A kid grows up somewhere in the slums of Nairobi, impoverished, cold and and confused. This is a scenario that affects so many people in our land, people whose fault was to be born by parents without means; parents who have to struggle in order to survive; parents who question the unjust of such an unequal and inequitable nation. These children sometimes have to gaze at the posh homes of the affluent usually juxtaposed next to the disheartening slums. And so as the sun bids humanity goodbye and the young ones troop from school and head to the comfort, and sometimes discomfort, of their homes; the rich head to their luxurious abodes and the poor glibly find themselves into their humble shanties. It is almost redolent of past colonial times when the masters lived in mansions and enjoyed the fruits of our labor while the African, hitherto taken to be lackeys only, would wallow in the misery of servitude and languish in the torture of cruelty and unkindess. I would imagine that these kids, bowels rumbling with the hard pangs of relentless hunger, would question the kind of fate that assigns one infant to a life of grandeur and confines another to the indignity of slum living. Who gets to choose where one is born? Why don’t we get a choice to choose whether to be born or not? Why is it that humanity must be fragmented into two unequal segments, the haves and haven nots? The answers to this questions transcends common sense and how we attempt to answer them is highly subjective to our skills, intelligence and culture. But mostly, such questions do not have any right answer and such answers as might be propagated by people are mere suggestions. These kind of questions, dear reader, are imponderable questions.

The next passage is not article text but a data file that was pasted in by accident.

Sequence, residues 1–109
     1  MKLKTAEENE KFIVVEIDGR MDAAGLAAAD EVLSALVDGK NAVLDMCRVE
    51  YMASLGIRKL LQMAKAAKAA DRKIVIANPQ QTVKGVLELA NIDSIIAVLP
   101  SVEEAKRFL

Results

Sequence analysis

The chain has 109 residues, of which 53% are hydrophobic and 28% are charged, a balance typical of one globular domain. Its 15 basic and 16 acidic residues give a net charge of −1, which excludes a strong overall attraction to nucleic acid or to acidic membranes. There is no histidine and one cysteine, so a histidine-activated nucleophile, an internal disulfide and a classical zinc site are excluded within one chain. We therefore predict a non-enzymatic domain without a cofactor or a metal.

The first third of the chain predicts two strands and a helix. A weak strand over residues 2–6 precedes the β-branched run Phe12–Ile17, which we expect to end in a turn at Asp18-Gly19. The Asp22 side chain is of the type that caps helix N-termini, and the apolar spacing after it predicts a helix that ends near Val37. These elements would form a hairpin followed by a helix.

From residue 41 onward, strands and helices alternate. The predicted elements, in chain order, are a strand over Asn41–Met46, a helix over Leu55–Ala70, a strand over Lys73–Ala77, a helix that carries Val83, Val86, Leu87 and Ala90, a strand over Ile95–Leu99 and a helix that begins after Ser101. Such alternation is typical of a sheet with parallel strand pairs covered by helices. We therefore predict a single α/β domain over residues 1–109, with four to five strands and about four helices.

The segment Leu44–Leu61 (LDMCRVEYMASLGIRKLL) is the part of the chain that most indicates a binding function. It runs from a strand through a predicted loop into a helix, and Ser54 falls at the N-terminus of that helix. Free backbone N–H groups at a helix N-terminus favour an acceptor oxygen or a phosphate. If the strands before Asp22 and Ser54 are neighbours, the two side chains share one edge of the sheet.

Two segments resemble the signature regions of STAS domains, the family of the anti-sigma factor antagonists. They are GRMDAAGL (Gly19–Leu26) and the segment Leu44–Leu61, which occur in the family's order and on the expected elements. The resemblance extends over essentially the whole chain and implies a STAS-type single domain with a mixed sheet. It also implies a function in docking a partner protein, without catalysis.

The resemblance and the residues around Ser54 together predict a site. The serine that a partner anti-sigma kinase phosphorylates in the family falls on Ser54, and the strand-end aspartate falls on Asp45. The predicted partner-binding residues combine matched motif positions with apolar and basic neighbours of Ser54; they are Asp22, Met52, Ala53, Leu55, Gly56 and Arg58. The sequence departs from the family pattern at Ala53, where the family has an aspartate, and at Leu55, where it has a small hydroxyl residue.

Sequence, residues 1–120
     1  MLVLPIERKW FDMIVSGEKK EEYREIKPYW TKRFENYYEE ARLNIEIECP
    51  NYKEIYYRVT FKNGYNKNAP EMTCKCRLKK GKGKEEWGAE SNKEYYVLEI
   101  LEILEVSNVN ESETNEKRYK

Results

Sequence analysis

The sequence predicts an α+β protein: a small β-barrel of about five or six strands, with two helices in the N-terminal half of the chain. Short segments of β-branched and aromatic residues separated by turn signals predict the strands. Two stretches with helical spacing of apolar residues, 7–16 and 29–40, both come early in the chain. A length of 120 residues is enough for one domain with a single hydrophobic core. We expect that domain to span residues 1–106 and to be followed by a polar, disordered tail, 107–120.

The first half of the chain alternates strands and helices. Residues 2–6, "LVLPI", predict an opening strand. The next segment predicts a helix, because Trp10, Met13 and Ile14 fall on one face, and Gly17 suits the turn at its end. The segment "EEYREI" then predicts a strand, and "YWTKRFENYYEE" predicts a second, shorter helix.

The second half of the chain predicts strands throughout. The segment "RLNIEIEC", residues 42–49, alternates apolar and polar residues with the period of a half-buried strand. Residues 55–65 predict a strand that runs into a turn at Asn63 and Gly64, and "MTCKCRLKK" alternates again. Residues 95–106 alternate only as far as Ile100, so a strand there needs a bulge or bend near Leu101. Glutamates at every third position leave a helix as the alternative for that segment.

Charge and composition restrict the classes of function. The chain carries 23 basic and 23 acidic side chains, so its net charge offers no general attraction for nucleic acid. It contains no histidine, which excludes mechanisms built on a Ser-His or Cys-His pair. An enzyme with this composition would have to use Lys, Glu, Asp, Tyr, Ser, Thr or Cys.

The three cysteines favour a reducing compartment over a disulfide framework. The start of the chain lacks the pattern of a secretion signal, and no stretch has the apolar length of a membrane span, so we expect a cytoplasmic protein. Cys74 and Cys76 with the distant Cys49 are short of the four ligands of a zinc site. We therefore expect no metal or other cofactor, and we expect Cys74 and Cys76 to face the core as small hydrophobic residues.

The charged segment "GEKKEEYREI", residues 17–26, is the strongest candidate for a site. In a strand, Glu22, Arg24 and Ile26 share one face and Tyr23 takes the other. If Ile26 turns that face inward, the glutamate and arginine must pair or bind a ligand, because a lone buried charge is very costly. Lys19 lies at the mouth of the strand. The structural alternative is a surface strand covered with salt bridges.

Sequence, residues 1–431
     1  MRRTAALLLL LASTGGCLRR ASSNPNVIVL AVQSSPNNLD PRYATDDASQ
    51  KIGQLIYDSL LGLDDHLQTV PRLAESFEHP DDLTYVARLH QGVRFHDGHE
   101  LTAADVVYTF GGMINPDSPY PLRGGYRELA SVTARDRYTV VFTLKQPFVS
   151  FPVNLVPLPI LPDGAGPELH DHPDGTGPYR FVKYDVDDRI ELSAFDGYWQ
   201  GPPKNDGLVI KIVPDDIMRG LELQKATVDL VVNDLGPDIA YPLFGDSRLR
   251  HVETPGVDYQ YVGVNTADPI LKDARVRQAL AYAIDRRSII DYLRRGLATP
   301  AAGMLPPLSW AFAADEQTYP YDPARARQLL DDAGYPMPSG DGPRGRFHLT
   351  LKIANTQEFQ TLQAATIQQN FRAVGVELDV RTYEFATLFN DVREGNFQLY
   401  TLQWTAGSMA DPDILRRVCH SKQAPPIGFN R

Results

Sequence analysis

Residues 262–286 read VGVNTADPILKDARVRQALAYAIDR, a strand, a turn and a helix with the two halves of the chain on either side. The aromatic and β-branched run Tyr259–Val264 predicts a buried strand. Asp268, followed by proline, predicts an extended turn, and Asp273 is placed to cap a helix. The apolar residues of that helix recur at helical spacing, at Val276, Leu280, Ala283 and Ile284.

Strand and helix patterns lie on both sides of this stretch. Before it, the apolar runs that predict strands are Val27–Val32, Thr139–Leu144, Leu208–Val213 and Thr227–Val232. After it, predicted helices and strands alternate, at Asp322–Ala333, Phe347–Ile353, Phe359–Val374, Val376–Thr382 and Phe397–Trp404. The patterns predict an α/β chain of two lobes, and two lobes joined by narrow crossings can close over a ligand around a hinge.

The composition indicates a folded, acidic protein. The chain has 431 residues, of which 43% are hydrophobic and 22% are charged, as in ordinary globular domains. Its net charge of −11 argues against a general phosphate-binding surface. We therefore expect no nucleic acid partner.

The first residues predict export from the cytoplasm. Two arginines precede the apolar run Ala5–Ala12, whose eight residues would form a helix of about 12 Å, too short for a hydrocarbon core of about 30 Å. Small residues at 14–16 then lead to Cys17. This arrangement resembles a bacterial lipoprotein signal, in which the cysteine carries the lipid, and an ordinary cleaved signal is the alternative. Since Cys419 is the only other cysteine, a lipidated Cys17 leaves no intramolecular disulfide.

There are many examples of such questions and people who try to find answers to imponderable questions are walking on a path laced with frustrations and fraught with the danger of over speculation in an area where nuance isn’t possible and any evidence to the contrary must exist through unethical skullduggery and backed by supplanted data. But man’s need to know will always prove too strong and speculation will always be rife within our society especially within the academic circles. In fact, philosophy can be accused of delving too strongly into issues whose possibility of arriving at clear, concise and valid answers is not possible.Take the issue of God, and their overly ambitious attempts to prove that he exists, and some that he don’t, with the presupposition that they have the means to reach conclusions which are beyond peer disapproval. I disagree, since we cannot see God, we should not try to rationalize an issue of faith. Somethings are supposed to be viewed through faith and our learned fellows should devote their significantly talented minds in pursuit of more objective goals . As to the rest of the imponderable questions, they will always intrigue us, but we should not obsess too much about that which we cannot fathom but instead focus on those that we can change or at least mitigate.